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Selling Shark Jaw As Trophy, Sick!

Media Release

For Immediate Release 27 November

SELLING SHARK JAW AS TROPHY, SICK!

These are supposed to be enlightened times of protection of native flora and fauna. There is a ban in the trade in endangered species and many conservationists work hard daily to restore animals on the brink of extinction.

A week ago a certain fisher was "remorseful" for killing a magnificent pregnant female white shark and pleaded "mitigation-by-media" through the release of at lease two of the sharks five pups discovered in her abdomen. Mr Daniel Scott is now demanding the highest price for the jawbone and now the shark jaws is for sale we learn that it was 7m long.

This is truly a sick act of exploitation and encourages others to target white sharks, says marine biologist, Peter Crabb. Mr Scott should donate the jawbone to Niwa or the Museum so others can study it and see it rather than it becoming a trophy. That it should become a source of monetary reward is unfortunate says, Crabb.

If a shark swims across the Tasman, and was protected in Australian waters and can be captured and drowned here, this undoes much of the progress in marine conservation achieved by our Australian Neighbours.

Because sharks give live birth, are slow growing and long lived, when they are taken out of the system it is ecologically similar to killing mammals like dolphins. Apex predators like large white sharks perform important ecological functions like weeding out the sick and the weak to maintain a healthy marine ecosystem, says Crabb.

The Ministry of Fisheries must ban the use of set nets and New Zealand is one of the few countries that do not ban recreational set nets. New Zealand has a seriously endangered inshore dolphin species, a penguin fauna and other underwater swimming birds like gannets shags and ducks.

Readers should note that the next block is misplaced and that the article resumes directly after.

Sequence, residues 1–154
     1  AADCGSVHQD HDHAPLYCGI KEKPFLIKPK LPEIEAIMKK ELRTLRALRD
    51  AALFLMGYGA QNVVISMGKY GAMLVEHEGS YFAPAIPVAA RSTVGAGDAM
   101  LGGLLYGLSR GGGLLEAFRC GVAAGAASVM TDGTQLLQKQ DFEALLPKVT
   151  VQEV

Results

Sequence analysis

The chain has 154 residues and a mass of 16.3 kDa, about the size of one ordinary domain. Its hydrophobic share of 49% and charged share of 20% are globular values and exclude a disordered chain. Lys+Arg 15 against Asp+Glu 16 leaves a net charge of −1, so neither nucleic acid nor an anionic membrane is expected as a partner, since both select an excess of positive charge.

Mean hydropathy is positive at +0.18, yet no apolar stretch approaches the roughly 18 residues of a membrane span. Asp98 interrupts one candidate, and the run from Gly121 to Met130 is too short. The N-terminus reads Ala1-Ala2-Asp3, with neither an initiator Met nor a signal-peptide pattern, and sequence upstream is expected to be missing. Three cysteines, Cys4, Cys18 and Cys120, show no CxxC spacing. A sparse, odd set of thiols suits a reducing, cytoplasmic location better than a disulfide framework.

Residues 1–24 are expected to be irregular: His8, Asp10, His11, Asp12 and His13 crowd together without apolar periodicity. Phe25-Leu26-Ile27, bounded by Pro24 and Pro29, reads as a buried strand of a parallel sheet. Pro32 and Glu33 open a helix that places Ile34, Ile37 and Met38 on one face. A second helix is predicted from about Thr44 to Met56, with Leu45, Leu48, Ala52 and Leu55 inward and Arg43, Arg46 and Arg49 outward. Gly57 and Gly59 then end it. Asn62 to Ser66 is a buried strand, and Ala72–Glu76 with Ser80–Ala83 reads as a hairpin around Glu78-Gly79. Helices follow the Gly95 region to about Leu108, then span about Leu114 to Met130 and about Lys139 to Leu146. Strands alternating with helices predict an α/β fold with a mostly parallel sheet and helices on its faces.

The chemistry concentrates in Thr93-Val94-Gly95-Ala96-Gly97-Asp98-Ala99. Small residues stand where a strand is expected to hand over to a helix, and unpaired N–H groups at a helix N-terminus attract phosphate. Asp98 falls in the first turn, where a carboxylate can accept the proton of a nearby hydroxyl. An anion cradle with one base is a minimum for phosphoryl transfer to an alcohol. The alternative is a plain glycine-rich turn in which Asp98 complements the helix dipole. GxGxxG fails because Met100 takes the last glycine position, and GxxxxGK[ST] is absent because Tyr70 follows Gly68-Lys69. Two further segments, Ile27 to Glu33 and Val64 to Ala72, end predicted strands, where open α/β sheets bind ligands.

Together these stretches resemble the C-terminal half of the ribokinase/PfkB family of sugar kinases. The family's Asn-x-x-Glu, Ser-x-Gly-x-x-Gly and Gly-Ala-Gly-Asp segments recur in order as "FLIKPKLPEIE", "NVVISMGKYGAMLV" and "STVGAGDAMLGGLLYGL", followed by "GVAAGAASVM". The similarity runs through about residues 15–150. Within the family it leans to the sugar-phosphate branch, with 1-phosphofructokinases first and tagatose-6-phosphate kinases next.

The use of set nets in mangroves in Northland is taking out large numbers of parore, who as herbivores keep the weed growth in check, says naturalist, diver, author and film maker, Wade Doak. Parore are seen as worthless fish, yet the weed growth chokes the shellfish beds says, Doak.

The indiscriminate capture of marine life in set nets is undermining New Zealand's Reputation as a country for "world leading" sustainability of natural resources. In recent time's the media has shown us the set net capture of Hectors dolphins and sooty shear water birds, which is upsetting enough.

The distressing capture of a pregnant mature white shark really makes us wonder if these are enlightened times. Crabb Wonders if in fifty years time will this kind of behaviour be akin to thinking that the earth was flat?

-ENDS_

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